The various conflicts in the mid-east are both troubling and complex.  Recently, the country of Yemen has emerged as another stage upon which sectarian warfare is being played out.  At its roots is the animosity between Sunni and Shia Muslims which, in turn, brings the involvement of other regional powers, including Saudi Arabia and Egypt (Sunni) as well as Iran (Shia). Join Active Minds as we seek to understand Yemen’s current situation and the broader implications for the region.

Key Lecture Points

  • Yemen’s history has been affected by its strategic geographic location at the southwestern tip of the Arabian Peninsula, making it a major land and sea route for trade from India to the Arabian Peninsula and on to Europe.  In ancient times, trade flourished in spices and other products that included frankincense, myrrh and, later, coffee.
  • Islam came early to the region that is today Yemen, beginning in the early 600s, when Mohammed was still alive.  Additionally, the Sunni Shia schism also manifested in the area, with the Zaidis, a Shia sect establishing itself in Northern Yemen in the 800s.  That sect is at the root of the present-day ascension of the Houthis in Northern Yemen.
  • Foreign intervention has been a part of Yemeni history from the Romans and the Persians to the Ottoman Turks and the British.  In the early 1900s, the British and the Turks forged treaties that established Turkish control over Northern Yemen and British control over Southern Yemen, setting the stage for division that still affects Yemeni politics today.
  • South Yemen and the Yemen Arab Republic were not unified until 1990, spurred by the discovery of oil and the collapse of the Soviet Union.  Since unification Yemeni politics has been plagued by rebellions by both northern tribesmen and southern secessionists.
  • One of the poorest countries in the world, Yemen was already weakened by years of poor governance when the Houthis, of the Zaidi sect of Shia Islam, seized control of the capital city of Sana’a in September 2014.  This uprising has become a proxy war in the broader Muslim sectarian conflict in the Middle East.  To combat what they see as an extension of Iranian control into Yemen, Saudi Arabia and a coalition of Sunni nations launched an air campaign against the Shia Houthis in March 2015.  Meanwhile Sunni Islamist Terrorist organizations Al-Qaeda in the Arabian Peninsula and the Islamic State have exploited the turmoil to build strength in Yemen.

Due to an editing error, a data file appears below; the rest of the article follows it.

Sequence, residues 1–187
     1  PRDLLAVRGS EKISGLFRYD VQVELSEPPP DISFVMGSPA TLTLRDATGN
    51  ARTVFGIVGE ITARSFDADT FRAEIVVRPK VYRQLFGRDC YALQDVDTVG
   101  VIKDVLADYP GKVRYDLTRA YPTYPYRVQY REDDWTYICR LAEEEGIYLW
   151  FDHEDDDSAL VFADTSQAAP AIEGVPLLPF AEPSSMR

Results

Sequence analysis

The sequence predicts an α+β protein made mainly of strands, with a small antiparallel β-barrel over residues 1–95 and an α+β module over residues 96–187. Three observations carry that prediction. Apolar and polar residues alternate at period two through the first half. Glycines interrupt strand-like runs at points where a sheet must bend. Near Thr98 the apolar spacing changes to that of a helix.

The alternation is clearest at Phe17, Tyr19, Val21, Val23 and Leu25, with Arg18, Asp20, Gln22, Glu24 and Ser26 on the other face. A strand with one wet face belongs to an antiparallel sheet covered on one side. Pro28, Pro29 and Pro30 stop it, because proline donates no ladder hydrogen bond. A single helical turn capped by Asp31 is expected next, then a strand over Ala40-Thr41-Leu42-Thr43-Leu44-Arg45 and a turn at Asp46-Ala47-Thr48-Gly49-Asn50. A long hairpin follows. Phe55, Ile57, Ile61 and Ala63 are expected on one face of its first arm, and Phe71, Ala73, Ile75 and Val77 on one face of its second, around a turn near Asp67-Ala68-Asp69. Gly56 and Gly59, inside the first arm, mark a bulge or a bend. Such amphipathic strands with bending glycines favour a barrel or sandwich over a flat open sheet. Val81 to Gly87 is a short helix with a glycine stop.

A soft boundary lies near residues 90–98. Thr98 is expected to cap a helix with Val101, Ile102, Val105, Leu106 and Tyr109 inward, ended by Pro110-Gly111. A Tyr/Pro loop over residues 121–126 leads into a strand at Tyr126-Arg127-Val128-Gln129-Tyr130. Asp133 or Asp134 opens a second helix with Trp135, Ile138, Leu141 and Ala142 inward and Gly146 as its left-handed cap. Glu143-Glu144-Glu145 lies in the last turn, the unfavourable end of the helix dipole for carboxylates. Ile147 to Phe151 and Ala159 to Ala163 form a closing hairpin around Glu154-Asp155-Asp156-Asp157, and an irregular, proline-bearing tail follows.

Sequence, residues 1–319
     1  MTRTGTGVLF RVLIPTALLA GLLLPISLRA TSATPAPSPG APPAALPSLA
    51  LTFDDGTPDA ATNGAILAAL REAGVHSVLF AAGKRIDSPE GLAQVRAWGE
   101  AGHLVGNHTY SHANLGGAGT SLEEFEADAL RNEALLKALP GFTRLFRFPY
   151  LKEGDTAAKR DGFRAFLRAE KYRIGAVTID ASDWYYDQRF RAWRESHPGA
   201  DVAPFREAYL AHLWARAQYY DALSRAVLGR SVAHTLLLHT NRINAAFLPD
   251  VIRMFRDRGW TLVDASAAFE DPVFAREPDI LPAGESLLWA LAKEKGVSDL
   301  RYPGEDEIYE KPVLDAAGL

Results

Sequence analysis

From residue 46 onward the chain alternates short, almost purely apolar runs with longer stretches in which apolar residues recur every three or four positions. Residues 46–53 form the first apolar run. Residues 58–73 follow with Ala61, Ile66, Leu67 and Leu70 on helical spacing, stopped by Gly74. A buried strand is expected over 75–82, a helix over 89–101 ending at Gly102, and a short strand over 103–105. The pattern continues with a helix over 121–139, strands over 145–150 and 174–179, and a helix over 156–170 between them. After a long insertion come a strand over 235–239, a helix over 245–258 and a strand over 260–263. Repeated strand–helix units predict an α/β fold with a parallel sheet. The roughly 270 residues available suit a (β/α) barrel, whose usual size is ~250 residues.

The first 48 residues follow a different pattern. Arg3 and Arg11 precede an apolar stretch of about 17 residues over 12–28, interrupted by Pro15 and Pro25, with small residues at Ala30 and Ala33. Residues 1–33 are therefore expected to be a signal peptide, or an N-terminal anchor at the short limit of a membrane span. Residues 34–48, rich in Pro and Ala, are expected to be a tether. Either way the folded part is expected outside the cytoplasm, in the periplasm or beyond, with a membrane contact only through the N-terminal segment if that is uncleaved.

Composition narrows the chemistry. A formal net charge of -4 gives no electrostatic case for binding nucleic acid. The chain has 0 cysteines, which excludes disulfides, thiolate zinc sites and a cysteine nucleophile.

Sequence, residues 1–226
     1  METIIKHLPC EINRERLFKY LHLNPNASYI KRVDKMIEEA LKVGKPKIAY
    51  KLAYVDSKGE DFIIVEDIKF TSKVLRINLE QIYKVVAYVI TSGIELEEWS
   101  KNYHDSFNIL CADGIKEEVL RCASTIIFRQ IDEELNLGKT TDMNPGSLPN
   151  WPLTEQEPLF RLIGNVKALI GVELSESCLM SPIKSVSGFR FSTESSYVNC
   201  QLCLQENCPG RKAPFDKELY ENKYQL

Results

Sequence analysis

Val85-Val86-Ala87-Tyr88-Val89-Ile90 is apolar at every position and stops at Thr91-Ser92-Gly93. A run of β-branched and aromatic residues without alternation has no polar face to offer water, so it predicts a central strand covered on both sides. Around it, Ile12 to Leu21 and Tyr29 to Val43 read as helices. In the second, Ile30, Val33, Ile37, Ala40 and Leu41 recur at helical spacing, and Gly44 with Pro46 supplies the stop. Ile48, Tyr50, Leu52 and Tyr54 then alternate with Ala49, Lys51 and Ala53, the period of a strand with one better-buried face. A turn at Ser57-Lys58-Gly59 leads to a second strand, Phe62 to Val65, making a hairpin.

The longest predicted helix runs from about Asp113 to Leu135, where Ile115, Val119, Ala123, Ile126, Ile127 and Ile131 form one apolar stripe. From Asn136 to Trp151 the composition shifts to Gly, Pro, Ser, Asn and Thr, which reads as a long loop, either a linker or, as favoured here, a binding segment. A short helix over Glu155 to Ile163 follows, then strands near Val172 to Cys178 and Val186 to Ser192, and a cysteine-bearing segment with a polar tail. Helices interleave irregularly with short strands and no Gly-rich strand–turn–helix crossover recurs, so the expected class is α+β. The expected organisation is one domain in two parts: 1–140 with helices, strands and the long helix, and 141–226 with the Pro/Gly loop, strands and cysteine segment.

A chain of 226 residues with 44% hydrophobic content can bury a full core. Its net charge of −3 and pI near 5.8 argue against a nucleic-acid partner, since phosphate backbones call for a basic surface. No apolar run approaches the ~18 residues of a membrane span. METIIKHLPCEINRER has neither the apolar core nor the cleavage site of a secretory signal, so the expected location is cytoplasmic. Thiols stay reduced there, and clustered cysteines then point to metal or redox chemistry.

Exploration Questions

  • What are the major themes in Yemeni history and how do they relate to the current crisis?
  • What led up to the current political crisis and civil war?  Who are the key players?  What are the political and economic implications?

Reflective Questions

  • How do you think the current situation in Yemen will be resolved?  Can it be resolved?
  • What should be America’s role in Yemen?  Why?

More to Explore

Books for Further Reading

  • Mackintosh-Smith, Tim, Martin Yeoman.  Yemen: The Unknown Arabia. Overlook Press, 2014.  This is a history of Yemen and how it is unique from other parts of the Arab world.
    Click here to order
  • Johnson, Gregory D.  The Last Refuge: Yemen, Al-Qaeda, and America’s War in Arabia.  W.W. Norton & Company, 2014.  The author describes the rise, fall and resurrection of al-Qaeda in Yemen over the last 30 years.
    Click here to order
  • Kasinof, Laura. Don’t Be Afraid of the Bullets: An Accidental War Correspondent in Yemen.  Arcade Publishing, 2014.  This is a personal memoir of a young woman who went to Yemen as a freelance journalist in 2009 and covered the Arab Spring in Yemen for the New York Times.
    Click here to order